By CBS3 Staff

NEWARK, Del. (CBS) — Union bus drivers in New Castle County returned to work Friday in a show of good faith after their union and employer, First Student, reached a tentative agreement on a new contract.

A vote on the contract is expected next week.

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Some school districts in the county were forced to revert to virtual learning Thursday after bus drivers went on strike. The union turned down an offer Wednesday but came to a tentative agreement Thursday afternoon.

For months now, bus drivers in the Appoquinimink School District threatened to strike, hoping for better wages and benefits. On Thursday, that threat became a reality. Buses didn’t roll in three school districts in Delaware Thursday morning. Instead of sitting behind the wheel, bus drivers were on the picket line.

“We’ve been out here since about 5:30 this morning,” one driver said, “and we think it’ll continue [until] the company brings back something that we can accept.”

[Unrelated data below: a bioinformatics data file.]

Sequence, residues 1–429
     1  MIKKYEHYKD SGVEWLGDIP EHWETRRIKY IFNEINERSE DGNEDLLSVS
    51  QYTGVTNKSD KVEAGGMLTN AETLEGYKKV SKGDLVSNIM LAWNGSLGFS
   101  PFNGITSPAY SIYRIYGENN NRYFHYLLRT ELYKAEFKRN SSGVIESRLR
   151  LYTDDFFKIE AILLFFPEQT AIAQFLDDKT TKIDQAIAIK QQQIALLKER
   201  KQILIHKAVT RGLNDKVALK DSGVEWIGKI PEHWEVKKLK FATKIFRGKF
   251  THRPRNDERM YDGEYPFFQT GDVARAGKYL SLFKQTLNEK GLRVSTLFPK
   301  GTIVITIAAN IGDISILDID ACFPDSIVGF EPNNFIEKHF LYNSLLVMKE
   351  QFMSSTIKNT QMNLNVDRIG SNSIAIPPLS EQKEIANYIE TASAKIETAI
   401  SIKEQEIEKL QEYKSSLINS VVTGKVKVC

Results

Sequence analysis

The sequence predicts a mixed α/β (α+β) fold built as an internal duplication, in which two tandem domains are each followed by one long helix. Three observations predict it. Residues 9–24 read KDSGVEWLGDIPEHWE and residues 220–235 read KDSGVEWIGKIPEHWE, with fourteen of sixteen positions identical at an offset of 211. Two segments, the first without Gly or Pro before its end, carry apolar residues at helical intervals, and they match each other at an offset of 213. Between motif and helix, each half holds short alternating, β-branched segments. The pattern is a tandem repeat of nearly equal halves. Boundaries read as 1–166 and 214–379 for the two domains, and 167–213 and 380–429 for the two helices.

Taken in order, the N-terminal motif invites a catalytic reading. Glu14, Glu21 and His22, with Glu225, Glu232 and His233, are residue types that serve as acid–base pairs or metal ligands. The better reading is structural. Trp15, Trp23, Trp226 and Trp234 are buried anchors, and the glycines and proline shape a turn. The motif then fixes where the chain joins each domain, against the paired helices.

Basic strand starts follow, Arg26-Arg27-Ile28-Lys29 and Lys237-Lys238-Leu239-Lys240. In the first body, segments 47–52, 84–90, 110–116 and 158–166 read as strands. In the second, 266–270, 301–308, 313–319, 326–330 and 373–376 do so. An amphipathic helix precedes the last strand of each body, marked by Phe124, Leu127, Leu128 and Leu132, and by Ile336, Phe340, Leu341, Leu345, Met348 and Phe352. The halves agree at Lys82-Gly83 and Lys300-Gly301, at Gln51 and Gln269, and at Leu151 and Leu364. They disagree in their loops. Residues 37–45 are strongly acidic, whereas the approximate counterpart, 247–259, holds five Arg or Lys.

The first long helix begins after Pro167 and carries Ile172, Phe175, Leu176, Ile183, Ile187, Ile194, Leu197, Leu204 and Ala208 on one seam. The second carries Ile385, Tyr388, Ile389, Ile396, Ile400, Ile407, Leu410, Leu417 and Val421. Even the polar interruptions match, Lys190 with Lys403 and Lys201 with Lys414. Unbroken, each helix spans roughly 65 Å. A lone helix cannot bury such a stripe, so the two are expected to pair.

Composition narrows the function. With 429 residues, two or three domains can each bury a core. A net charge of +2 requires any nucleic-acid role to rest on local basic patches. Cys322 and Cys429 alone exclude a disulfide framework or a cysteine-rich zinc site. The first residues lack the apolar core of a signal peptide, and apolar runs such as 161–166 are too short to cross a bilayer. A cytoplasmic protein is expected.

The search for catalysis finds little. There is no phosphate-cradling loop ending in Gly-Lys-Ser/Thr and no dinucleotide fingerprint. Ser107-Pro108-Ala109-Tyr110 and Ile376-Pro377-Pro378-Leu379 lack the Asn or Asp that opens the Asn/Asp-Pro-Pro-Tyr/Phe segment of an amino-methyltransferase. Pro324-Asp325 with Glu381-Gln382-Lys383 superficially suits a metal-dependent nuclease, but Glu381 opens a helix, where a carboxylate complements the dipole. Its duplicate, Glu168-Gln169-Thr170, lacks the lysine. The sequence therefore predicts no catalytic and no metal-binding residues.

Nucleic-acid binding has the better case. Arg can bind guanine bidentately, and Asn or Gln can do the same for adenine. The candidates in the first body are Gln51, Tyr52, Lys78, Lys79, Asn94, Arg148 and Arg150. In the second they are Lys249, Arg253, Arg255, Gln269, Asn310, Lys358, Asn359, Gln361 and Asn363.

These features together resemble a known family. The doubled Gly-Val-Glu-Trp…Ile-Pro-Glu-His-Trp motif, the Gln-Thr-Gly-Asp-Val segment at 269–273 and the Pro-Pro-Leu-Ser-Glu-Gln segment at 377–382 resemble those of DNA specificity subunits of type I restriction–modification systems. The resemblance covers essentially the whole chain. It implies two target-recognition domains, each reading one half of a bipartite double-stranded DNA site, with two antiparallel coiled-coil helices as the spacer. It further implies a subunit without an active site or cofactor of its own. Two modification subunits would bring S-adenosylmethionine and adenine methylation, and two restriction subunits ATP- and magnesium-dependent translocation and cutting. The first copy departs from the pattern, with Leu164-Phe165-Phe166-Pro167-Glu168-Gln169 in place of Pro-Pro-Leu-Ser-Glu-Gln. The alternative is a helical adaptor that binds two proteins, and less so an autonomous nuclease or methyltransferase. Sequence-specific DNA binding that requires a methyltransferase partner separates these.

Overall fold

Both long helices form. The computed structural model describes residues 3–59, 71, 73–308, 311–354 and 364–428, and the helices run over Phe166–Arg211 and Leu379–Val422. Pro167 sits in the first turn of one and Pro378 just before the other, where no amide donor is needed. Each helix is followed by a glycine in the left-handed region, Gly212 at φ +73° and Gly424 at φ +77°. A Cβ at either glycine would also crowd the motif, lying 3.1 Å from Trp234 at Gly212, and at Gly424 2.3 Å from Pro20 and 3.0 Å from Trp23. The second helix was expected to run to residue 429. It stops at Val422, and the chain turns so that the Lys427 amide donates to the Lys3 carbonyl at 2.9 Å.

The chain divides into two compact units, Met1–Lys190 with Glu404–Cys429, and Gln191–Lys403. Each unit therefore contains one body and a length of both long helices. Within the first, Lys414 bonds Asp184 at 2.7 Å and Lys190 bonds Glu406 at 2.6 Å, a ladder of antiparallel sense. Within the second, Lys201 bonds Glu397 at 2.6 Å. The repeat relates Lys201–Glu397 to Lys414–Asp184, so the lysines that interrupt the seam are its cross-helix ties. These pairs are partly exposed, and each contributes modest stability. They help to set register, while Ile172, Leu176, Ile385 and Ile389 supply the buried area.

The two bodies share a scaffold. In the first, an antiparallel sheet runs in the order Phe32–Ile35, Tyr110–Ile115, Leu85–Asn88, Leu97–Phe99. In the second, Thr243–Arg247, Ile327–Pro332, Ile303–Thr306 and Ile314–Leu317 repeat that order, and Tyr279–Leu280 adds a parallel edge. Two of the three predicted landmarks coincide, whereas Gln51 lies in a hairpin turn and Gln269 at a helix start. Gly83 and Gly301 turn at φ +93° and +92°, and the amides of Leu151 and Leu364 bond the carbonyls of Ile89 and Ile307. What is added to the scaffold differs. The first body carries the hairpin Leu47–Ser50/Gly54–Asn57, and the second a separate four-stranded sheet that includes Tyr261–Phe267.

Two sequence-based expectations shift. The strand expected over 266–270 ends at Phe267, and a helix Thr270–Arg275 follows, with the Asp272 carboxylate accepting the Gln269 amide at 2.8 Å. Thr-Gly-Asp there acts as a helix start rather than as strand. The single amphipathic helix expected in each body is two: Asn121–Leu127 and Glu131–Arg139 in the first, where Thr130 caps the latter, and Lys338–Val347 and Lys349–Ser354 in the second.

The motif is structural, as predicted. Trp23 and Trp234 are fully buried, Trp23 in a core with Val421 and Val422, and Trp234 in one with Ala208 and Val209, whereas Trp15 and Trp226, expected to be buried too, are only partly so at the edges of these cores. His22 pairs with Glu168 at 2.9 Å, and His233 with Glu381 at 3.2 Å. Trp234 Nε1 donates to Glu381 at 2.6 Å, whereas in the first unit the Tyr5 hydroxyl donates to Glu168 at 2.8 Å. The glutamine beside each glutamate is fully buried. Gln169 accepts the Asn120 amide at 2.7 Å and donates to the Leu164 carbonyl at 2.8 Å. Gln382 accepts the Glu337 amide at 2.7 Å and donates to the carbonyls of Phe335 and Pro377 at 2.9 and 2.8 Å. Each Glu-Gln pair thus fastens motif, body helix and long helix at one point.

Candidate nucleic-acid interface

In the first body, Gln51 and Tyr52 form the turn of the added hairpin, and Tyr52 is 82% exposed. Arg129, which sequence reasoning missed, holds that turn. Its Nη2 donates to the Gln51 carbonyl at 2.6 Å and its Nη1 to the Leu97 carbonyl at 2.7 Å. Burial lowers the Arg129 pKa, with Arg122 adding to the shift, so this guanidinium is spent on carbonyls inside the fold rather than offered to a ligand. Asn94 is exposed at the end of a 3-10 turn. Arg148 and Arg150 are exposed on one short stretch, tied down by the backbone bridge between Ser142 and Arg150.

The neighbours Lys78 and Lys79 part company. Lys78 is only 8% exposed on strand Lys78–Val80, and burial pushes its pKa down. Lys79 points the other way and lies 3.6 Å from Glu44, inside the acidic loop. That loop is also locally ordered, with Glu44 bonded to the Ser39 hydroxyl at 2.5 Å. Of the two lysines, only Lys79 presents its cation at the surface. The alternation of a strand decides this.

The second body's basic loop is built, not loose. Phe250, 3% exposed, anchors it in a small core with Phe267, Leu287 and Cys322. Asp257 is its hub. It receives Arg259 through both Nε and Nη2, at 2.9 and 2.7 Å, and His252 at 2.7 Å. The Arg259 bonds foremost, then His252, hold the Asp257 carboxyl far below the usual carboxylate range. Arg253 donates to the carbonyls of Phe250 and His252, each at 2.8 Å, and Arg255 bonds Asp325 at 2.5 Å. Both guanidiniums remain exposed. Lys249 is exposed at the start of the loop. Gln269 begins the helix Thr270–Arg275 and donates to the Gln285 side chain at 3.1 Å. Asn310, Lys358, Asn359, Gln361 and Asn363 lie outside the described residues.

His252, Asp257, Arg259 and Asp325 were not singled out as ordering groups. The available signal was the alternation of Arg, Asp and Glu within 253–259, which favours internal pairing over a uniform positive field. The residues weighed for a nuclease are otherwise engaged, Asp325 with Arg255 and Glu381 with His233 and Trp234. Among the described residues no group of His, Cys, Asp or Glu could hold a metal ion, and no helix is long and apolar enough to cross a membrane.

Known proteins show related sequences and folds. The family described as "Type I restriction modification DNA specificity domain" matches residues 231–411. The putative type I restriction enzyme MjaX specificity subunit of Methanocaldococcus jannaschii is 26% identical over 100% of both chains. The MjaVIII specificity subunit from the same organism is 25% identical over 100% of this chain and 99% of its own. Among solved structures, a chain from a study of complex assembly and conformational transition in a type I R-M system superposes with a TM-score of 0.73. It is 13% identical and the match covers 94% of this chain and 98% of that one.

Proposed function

About 50 bus drivers with First Student in Newark went on strike Thursday. The school bus contractor handles 26 routes for the district, leaving many students and families without transportation to and from school Thursday morning.

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Drivers walked off the job demanding better pay, health care benefits and improved working conditions.

“We’re asking for demands of a short-term contract,” a driver said. “They presented us with five years, we only offered three years. We want better health plan benefits and we also want to help out drivers who have less time with seniority so they don’t get bumped on their routes.”

Len McCartney is the vice president of Teamster’s Union Local 326. He says the pandemic coupled with a national bus driver shortage is why drivers should be valued even more.

“There’s a school bus shortage all across the country and these people do a valuable job,” McCartney said. “They deliver students to the schools every single day and it’s an important job and they should be compensated accordingly. They should have the pay, the health care and the pension that they deserve.”

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CBS3’s Natasha Brown contributed to this report.